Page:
Good stories immerse the reader in their world. In order to do this most effectively, I think narratives need to have strongly imagined characters through which the reader can understand and experience this world. By strongly imagined, I mean characters who develop and grow through the arc of the story; who are fallible in one way or another; and who have a strong sense of purpose, a goal to achieve (and even better if this shifts or changes along the way!), and problems to overcome. In this way, characters not only allow the reader to connect more personally to the story but also drive the pace forward and craft the shape of the plot.

Question 3) What inspired you to write your first book?

I’ve always been inspired to write, even as a very young boy. Although, my first attempt at a full-length novel came when I was about 18 – it was a disaster! I was trying to write with somebody else’s voice; to emulate an author rather than allowing my own natural style develop. It wasn’t until later on, after I truly felt that I had found my voice that I came up with a seed of an idea for The Procurement of Souls. It kept on resurfacing, like an itch that wouldn’t be scratched until I finally put fingers to the keyboard and started getting it down. I can’t say what the inspiration was exactly, only that I have always loved history and fantasy-sci-fi and I suppose those loves combined into an initial idea kept growing until I had the bones of my first novel!

Question 4) What is your work schedule like when you’re writing?

Well, I have a full-time job and an 8-month-old baby, so more recently I’ve been fitting it in as and when I can – lunchtimes, weekends, evenings, etc. I’ve also been on shared parental leave in Berlin for the last couple of months (with my wife’s work) and I’ve been very fortunate to have my mother-in-law with us too, which has enabled me to get cracking with my sequel in between changing nappies!

Question 5) What would you say is your interesting writing quirk?

It’s not so much a quirk as an interesting circumstance, but my wife is an opera singer and so travels a lot with her profession. This means that I’m quite often a mobile writer! The Procurement of Souls was written in London, Madrid, Paris, Vienna, and Berlin! In fact, I finished my first draft of PoS in a smoky café in Vienna – I felt like Hemmingway!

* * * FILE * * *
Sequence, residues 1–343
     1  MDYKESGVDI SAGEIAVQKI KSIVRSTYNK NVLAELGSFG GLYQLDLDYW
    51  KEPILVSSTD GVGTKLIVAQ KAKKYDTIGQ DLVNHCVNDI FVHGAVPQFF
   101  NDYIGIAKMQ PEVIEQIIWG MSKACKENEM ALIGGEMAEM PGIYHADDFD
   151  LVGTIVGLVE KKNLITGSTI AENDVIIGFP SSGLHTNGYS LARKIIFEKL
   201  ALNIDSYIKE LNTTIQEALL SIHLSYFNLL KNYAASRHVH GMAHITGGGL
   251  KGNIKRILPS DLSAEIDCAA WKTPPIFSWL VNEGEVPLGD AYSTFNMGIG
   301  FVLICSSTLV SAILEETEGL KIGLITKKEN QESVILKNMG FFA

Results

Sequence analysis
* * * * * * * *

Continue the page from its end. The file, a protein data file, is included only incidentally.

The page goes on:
Question 6) Give us the title and genre of your latest book.

My debut, The Procurement of Souls, had its official launch on 1stJuly. It’s a Victorian-gothic-steampunk crossover about the exploits of two opposing bio-alchemists.

Question 7) What was one of the most surprising things you learned in creating your book?

The fact that finishing a complete first draft of a novel is only the beginning of the journey! When you get there, it’s an amazing feeling and one that every writer should be proud of, but then comes the re-writes, the overhauls, the re-jigs, the additions, the exclusions, the copy-editing etc. As an indie author, you are reliant on a huge amount of self-discipline and of course it’s exceptionally hard to be objective with your work – you quickly become ‘snow-blind’ to the words on the page – both in terms of content and technical accuracy and without access to, or the means to employ, a professional editor, the ability to ensure all aspects of the narrative is a good as it can be, is a real challenge. I am a self-confessed perfectionist and to ensure that The Procurement of Soulsreflected the very best of me, I turned to a number of people I knew who could objectify my work, provide that much needed brutally honest feedback and eliminate any technical errors too. 

Question 8) Do you have an excerpt from your current work you’d like to share?

Procurement of Souls Benjamin Hope Cover Art slim.jpgI think it’s best to start at the beginning, so here’s chapter 1!

*CONTAINS EXPLETIVES*

The whites of two wide eyes were all that could be seen in the splinter of light that passed through the crack in the swollen doorjamb. Dr Weimer observed in silence the blind panic that radiated from them as they darted one way and then another, desperately trying to place themselves. The fear was pungent. Smells like he’s soiled himself, he thought with distastebefore throwing open the door and illuminating the room with such a contrasting brightness that the man in the chair audibly gasped.

‘Mr Wade,’ Dr Weimer began as he stepped inside, ‘you must forgive the enforced and abrupt manner in which we make one another’s acquaintance. I dare say that having a bag thrust upon one’s head unexpectedly is most unpleasant and disconcerting.’ His tone was saccharine; sugared with false sincerity. ‘But unfortunately, you hold in your possession something I require. Something important. Something personal.’ He smiled at him, his fat lips parting obtusely and revealing a row of white but stubby teeth, spread with almost uniform gapping in a blood-red gum, before pushing his circular glass frames further up the bridge of his nose with deliberate precision. ‘Nevertheless, this is the situation we find ourselves in.’ He moved a little closer towards him and noticed with curiosity and self-acknowledged satisfaction how the man visibly shrank at his advance.

Wade felt his throat constrict at this sudden and disturbing entrance. Panic took a slightly firmer grip and he tried pressing with all his strength against the back of the chair, to no avail.